Arizona is a no-fault state, which means that neither spouse needs to provide a legal reason for ending the marriage. To begin the process, one spouse must file a Petition for Dissolution of Marriage and claim that the marriage is “irretrievably broken.” After the other spouse is served with notice of the petition, he or she will have 20-30 days to respond (depending if they are served in the state). Even if the other spouse does not contest the divorce, the Arizona court imposes a minimum 60-day “cooling off period” before the divorce can be finalized.
A legal separation agreement tends to function a lot like a divorce but it does not end the marriage. Similar to a divorce, a separation agreement can be used to resolve issues such as dividing property, child custody, child support, and alimony. If accepted by the judge, a separation agreement is legally binding and can be enforced in court. Generally, a judge will accept a separation agreement if it is agreed to in writing by both spouses and the agreement appears to be fair.
To start the process for a divorce, a Petition for Dissolution of Marriage in a proper Arizona local court. All required forms for divorce can be found on the self-service form section of your local court website. A full listing of the self-service pages is available on the Arizona Court website.
Arizona is an “Equitable Distribution” state, which means that all marital property is divided fairly according to the court unless the spouses make their own agreement. Marital property, also known as community property, consists of most of the assets and debts that a couple acquires during the marriage and is subject to division during the divorce. Separate property, is the property that a spouse owned before the marriage or received during the marriage as a gift or inheritance. This distinction is important because separate property is usually not subject to division in divorce. It is important to know that separate property can become community property through actions like placing your spouse on the title of the property.
As part of the divorce the judge will issue a child custody order and parenting plan that will detail the parental rights and obligations over the marital children. Since child custody disputes can have complicated legal issues and are extremely stressful for both parents and children, if you have concerns about child custody it is important to talk to an experienced family law lawyer.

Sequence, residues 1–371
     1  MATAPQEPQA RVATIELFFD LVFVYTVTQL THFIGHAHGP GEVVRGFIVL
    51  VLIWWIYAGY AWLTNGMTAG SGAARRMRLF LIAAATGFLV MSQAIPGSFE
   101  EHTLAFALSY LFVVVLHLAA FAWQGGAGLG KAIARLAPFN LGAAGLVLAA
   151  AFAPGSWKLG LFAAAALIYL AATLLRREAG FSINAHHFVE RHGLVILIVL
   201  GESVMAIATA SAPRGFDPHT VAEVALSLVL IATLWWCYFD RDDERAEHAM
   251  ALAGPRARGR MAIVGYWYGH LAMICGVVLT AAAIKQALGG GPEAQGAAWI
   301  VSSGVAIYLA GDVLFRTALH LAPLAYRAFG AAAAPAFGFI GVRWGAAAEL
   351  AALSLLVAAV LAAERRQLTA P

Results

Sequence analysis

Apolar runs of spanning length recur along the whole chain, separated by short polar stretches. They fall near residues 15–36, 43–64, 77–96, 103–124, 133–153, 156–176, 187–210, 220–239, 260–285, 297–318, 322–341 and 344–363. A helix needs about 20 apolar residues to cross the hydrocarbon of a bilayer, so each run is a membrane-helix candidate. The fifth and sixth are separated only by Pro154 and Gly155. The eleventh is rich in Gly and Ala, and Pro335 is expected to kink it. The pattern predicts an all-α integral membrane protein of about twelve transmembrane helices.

Regardless of who retains custody after a divorce or separation, both parents are responsible for supporting the children of the marriage. But both parents are responsible for either providing health insurance for their children or sharing the cost of healthcare.
When the judge orders a divorce, it is possible that he will order one of the spouses to make temporary spousal maintenance payments or alimony payments. A judge may impose spousal support if he finds that it is fair based on a number of factors including the length of the marriage, the income of the individual spouses, who has custody of the children, etc. Spousal maintenance payments will end if the spouse receiving payments remarries or moves in with another partner.
Going through a divorce can be an emotionally charged experience and involves complicated legal issues related to property division, child custody, child support, spousal support, etc. If you are looking for an attorney to aid you navigate this process, then contact a local Arizona divorce lawyer today to get the help you need.
Last Modified: 04-25-2017 04:03 PM PDTLaw Library Disclaimer
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